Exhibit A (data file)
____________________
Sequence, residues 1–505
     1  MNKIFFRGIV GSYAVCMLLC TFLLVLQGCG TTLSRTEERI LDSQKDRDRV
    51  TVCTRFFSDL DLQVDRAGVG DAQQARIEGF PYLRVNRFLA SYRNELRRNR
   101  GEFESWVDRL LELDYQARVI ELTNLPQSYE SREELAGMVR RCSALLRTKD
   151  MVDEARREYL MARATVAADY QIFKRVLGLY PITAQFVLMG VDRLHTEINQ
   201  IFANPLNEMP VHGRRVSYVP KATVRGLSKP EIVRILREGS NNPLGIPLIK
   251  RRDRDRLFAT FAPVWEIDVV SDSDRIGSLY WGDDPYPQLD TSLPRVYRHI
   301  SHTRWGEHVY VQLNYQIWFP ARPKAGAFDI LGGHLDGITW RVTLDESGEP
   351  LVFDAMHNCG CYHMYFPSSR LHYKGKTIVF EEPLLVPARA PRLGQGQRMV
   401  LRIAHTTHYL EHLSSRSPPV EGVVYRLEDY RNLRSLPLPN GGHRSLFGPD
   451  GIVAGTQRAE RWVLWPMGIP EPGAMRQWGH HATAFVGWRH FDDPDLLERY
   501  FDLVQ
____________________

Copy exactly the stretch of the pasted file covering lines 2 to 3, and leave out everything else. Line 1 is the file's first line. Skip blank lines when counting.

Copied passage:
     1  MNKIFFRGIV GSYAVCMLLC TFLLVLQGCG TTLSRTEERI LDSQKDRDRV
    51  TVCTRFFSDL DLQVDRAGVG DAQQARIEGF PYLRVNRFLA SYRNELRRNR